IN 1999, THE NATIONAL INSTITUTE OF ALLERGY AND INFECTIOUS DISEASES STATED: "The annual comprehensive cost of STDs in the United States is estimated to be well in excess of $10 billion." (1) Today more than 20 STDs have been identified and, again according to the National Institute of Allergy and Infectious Diseases, they "affect" approximately 13 million men and women each year. Generally speaking, STDs can be either viral (as in the case of HIV and herpes) or bacterial. This article focuses on the effect of welfare payments on the incidence of three types of bacterial STDs: chlamydia, gonorrhea, and syphilis. All three of these STDs are targets of federally funded control programs and are the only STDs for which long-term data are available.
According to the Centers for Disease Control and Prevention (CDC), the chlamydia incidence rate for 1998 was 236.6 per 100,000 persons, and its prevalence has generally declined over time. Screening programs indicate that the highest incidence of chlamydia in women is among adolescents. Furthermore, chlamydia is highly prevalent among economically disadvantaged female adolescents--the same population who are likely to qualify for welfare assistance.
The gonorrhea incidence rate for 1998 was 132.9 cases per 100,000 persons. The incidence of gonorrhea declined from the mid-1970s to 1997, although an increase was reported between 1997 and 1998. Female gonorrhea rates are highest among those 15 to 19 years old. Also in 1998, the incidence rate for primary and secondary syphilis was 2.6 per 100,000 persons--the lowest rate recorded since 1941 when national reporting began. Syphilis today is primarily a regional problem, with 91 percent of the counties reporting syphilis cases in 1998 being located in the South.
This article explores the possibility that the spread of sexually transmitted diseases may be unwittingly encouraged by public policy. Specifically, we argue that if welfare payments lower the cost of unprotected sexual relations, they play a role in the incidence of STDs. In the next section we present our logical argument. In the subsequent three sections, we review the literature, specify our model, and present our empirical findings.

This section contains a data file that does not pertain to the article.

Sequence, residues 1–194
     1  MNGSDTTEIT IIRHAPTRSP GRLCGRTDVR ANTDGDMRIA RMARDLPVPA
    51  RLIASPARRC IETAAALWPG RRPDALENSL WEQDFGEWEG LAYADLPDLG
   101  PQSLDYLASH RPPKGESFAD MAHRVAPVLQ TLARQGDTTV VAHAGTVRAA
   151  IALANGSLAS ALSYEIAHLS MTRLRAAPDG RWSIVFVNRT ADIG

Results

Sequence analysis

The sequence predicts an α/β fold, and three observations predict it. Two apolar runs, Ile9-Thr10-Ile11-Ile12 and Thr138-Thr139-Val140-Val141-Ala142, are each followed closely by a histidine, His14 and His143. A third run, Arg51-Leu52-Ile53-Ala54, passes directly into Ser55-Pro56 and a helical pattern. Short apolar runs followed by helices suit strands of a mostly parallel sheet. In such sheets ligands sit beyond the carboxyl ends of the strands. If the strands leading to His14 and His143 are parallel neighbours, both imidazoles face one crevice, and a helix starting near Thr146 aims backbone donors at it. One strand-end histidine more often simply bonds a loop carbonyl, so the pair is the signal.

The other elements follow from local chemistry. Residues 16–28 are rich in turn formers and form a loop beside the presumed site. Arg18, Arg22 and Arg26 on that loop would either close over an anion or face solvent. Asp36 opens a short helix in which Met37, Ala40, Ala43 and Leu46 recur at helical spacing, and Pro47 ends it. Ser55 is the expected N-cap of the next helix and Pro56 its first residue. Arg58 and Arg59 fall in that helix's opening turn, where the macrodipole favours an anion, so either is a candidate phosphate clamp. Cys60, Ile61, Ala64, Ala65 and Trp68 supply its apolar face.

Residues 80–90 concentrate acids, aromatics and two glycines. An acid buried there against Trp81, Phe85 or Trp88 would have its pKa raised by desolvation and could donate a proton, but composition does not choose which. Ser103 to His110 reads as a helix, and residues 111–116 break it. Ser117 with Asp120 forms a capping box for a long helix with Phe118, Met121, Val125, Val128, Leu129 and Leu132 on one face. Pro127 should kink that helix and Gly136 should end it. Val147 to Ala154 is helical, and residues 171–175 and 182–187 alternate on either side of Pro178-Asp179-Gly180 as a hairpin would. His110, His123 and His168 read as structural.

AFDC PAYMENTS, OR WHAT IS GENERALLY REFERRED TO AS "WELFARE," have long been a topic for study by economists. Among the most studied aspects of any income transfer is how the recipients' behavior is altered. The literature has had much to say regarding, for example, how rates of fertility (2) and illegitimacy are affected by AFDC payments. As Ozawa (1989), Caudill and Mixon (1993), and Clarke and Strauss (1998) have determined, the magnitude of financial transfers to unwed mothers is positively related to rates of fertility and illegitimacy. The rationale is that these welfare payments lower the cost of bearing and raising children. In addition to an increase in fertility, AFDC payments may have some impact on the number of children put up for adoption and the number of aborted pregnancies that occur.
The relationships described above are "downstream" outcomes of "upstream" behavior. Specifically, for there to be increases in fertility, children offered for adoption, and abortions, it must be the case that first there has been an increase in unprotected sex. After all, unprotected sex is generally a requirement for pregnancy. As Ressler, Waters, Hill, and Watson (2005) point out, because such sex also is correlated with the risk of contracting HIV, AFDC payments are positively correlated with HIV incidence rates per state. It should also be the case that AFDC payments are positively related to the propensity to contract other STDs, such as chlamydia and gonorrhea.
Given the opportunity to have unprotected sex, a woman's choice is assumed to be a function of the perceived costs and benefits that she will bear from this action. …